Just months after the state of Vermont passed laws about what to do if you discover and animal or person in distress in a locked car, an incident occurs that brings this literal hot-button issue to the forefront.
A Colchester woman has been charged with animal cruelty after her dog, a Labrador retriever found locked in a hot car, passed away.
A call to Colchester police reported a Labrador retriever was spotted inside a car parked in a parking lot along College Parkway. The car’s windows were rolled up. The dog appeared to be in distress. Officer Jesse Treier told WCAX they had to break into the car to free the animal.
“The dog was not responsive to people around the vehicle, including me, when I was knocking on the windows,” he said.
Temperature climb quickly inside a sealed vehicle; Treier says inside that car it was 125 degrees.
The dog passed away later that day.
“They’re like their kids. I mean animals especially dogs or cats even other animals are like children. It’s very tough,” said Treier.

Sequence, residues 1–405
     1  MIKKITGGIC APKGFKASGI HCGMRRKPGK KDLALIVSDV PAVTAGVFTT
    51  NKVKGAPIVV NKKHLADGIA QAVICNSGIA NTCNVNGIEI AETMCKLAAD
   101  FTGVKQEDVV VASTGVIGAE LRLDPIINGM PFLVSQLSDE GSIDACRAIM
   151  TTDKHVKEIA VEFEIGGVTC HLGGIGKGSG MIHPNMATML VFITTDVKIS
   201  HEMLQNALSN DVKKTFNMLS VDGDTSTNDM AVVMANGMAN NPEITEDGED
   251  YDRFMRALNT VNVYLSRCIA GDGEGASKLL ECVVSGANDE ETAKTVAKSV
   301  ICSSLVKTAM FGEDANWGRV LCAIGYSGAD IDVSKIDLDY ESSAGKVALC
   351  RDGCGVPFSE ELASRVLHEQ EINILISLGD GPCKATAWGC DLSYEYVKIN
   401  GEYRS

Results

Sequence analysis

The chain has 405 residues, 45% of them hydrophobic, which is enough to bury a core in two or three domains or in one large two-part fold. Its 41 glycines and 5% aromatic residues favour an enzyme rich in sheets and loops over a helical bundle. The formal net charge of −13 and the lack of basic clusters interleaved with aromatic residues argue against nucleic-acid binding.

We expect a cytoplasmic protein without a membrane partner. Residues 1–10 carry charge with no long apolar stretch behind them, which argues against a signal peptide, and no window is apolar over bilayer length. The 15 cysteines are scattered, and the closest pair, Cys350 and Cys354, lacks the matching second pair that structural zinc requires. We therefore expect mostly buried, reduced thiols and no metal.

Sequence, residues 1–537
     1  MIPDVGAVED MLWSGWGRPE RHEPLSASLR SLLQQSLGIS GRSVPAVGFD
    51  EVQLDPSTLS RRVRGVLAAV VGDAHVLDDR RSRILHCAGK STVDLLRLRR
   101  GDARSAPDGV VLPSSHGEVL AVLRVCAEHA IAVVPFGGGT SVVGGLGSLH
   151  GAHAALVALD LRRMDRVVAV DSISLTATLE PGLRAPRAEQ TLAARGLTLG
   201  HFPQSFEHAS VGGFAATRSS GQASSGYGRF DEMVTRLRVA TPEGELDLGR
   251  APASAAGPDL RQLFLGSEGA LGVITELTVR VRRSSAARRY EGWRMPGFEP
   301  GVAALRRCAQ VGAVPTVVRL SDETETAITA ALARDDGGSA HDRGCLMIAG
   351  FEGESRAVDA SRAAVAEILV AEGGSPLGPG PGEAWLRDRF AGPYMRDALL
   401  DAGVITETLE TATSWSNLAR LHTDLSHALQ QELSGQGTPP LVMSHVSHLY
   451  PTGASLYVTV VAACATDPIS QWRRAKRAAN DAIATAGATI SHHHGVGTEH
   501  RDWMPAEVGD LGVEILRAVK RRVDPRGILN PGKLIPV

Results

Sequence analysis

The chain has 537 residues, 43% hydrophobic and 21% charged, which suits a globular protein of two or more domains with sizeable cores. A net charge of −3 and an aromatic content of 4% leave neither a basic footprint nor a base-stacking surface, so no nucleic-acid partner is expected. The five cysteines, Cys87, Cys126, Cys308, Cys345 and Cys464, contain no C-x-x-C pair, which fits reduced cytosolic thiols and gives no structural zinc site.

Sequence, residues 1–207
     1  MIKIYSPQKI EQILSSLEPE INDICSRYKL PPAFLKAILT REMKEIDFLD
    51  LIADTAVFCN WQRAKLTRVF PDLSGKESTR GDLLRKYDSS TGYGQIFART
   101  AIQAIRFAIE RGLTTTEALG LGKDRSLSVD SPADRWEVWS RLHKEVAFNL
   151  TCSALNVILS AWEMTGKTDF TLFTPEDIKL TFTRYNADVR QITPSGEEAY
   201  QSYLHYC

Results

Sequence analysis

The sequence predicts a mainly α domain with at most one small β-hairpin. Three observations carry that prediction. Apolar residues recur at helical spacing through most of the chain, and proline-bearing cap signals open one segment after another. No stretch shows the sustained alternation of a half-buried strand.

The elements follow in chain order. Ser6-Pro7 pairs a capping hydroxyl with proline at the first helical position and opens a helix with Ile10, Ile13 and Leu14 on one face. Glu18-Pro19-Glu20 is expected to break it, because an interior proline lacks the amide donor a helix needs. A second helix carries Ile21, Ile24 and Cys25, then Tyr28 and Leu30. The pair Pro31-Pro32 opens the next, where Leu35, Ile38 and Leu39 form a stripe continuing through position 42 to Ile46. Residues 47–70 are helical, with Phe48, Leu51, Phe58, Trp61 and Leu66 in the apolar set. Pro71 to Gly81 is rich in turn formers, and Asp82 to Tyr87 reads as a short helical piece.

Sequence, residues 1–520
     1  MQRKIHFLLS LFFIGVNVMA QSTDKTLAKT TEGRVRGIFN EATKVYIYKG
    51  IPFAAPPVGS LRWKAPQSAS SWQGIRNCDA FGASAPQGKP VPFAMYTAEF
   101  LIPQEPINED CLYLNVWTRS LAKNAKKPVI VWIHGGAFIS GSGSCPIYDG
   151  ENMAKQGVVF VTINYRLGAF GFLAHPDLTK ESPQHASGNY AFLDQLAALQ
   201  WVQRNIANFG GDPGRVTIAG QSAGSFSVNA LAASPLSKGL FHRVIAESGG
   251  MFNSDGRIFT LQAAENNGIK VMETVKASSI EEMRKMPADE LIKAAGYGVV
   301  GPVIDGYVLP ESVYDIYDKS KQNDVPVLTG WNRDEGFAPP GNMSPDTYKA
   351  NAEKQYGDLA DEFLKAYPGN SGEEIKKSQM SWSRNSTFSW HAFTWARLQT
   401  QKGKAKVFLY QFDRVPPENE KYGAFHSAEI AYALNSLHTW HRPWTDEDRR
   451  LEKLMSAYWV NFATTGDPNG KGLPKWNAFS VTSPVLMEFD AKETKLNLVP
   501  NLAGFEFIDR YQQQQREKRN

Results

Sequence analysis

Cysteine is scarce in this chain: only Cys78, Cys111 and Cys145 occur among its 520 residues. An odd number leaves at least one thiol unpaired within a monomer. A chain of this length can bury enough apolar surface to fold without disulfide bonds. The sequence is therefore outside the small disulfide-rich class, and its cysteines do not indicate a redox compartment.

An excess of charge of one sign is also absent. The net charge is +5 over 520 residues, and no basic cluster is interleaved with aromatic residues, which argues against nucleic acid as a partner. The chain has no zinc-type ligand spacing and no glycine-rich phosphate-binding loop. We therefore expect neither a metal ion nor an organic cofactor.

Treier says his police department gets a lot of calls of animals trapped in cars, but he only knows of two cases where the animal died.
Police say Stacey Barrientos of Colchester, the dog’s owner, was charged with a misdemeanor. She will be arraigned in October. Intent, police said, could have made the difference in charging her with a felony.
And earlier Tuesday, a chocolate lab was rescued, via sunroof, by nearby Shelburne Police. The owner of the vehicle was issued a ticket.
Vermont law now states that anyone who breaks into a car for the purpose of removing a child or animal shall not be liable for damages. You should still call police before, but it could mean the difference between life and death of a family pet or even a person.